While more companies are moving their IT infrastructure online, the transition could make them more vulnerable to security threats. Yet, the study found that despite increased concern and spending on cyber security over the last year, there is a high degree of complacency.
Overall, 86 percent of respondents believe they are doing enough to mitigate the impact of cyber attacks. Most respondents still think it’s enough to have the IT or security department involved in mitigating the effect of cyber attacks, with 33 percent considering the IT department solely responsible for security threats.
Inconsistent Security Plans are Common
Moreover, almost two thirds of respondents stated that cyber security is not their department's responsibility. And while over three quarters of businesses have a board that is involved in assessing cyber security preparedness, only one quarter have a dedicated security executive.
While 87 percent of businesses reported having some form of continuity plan in place, fewer than half of businesses have secure practice guidelines to ensure employees know how to keep the business safe. In fact, Juniper found that one of the biggest problems in British businesses is not that there are no measures in place, but that they are inconsistently applied, and not reinforced.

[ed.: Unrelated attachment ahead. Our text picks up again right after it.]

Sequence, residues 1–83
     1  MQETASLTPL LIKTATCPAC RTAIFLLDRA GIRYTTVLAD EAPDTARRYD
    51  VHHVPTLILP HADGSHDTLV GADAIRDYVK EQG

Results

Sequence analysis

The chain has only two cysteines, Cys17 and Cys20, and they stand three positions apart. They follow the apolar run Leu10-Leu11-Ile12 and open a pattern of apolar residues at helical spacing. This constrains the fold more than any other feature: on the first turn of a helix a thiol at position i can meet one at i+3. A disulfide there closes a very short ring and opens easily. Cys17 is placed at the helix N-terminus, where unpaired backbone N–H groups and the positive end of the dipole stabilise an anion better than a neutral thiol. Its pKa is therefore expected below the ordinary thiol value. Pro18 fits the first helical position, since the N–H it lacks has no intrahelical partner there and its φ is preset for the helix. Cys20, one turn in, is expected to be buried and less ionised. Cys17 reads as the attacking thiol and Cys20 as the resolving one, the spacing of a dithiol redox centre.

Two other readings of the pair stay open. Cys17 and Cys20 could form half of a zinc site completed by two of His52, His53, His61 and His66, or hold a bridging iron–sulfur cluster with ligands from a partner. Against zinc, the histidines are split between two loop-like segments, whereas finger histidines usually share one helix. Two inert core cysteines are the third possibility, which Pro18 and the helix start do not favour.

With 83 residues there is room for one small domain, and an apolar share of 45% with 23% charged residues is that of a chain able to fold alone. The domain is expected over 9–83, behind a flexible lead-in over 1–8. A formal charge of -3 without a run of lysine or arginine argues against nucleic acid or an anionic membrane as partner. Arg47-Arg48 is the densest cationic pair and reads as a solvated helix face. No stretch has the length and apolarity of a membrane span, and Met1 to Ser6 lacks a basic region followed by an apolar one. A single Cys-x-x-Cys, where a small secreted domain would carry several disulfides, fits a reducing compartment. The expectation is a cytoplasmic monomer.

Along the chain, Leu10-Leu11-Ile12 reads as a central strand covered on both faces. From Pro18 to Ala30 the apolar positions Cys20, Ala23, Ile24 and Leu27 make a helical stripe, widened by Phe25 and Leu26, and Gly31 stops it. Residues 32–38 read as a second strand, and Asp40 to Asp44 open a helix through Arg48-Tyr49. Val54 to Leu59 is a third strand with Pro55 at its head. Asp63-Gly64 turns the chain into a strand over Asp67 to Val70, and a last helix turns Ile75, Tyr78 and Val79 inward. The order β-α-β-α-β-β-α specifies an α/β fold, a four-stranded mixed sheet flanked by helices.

Nearly 90 percent of respondents reported having a plan in place for when a data breach occurs, but only 56 percent of respondents believe they are secure when it comes to digital threats, and 52 percent of businesses still do not have any secure practice guidelines.
Actions that businesses are taking to mitigate the impact of a cyber attack include:
- 48 percent have secure practice guidelines
- 47 percent give secure practice induction briefings
- 25 percent have a dedicated security executive
- 27 percent conduct penetration tests to assess attacks
- 31 percent monitor emails for phishing attempts
Ongoing Significant Commercial Liability
While 69 percent of respondents would contact someone immediately in the event they discovered a cyber breach, 18 percent would wait until the next working day if they did not consider it a big problem, including 38 percent of founders and 27 percent of all board-level respondents.
"Cyber security is a big concern for businesses of all sizes, as an attack could cost millions of pounds in lost data, reputation, time and customers. Yet, our study shows that businesses believe they are far more secure than they really are," said Windsor Holden, head of forecasting & consultancy at Juniper Research.
While no business can be completely safe today, there are steps that companies can take to ensure they are as safe as possible -- and can recover as quickly as possible in the event of a cyber attack.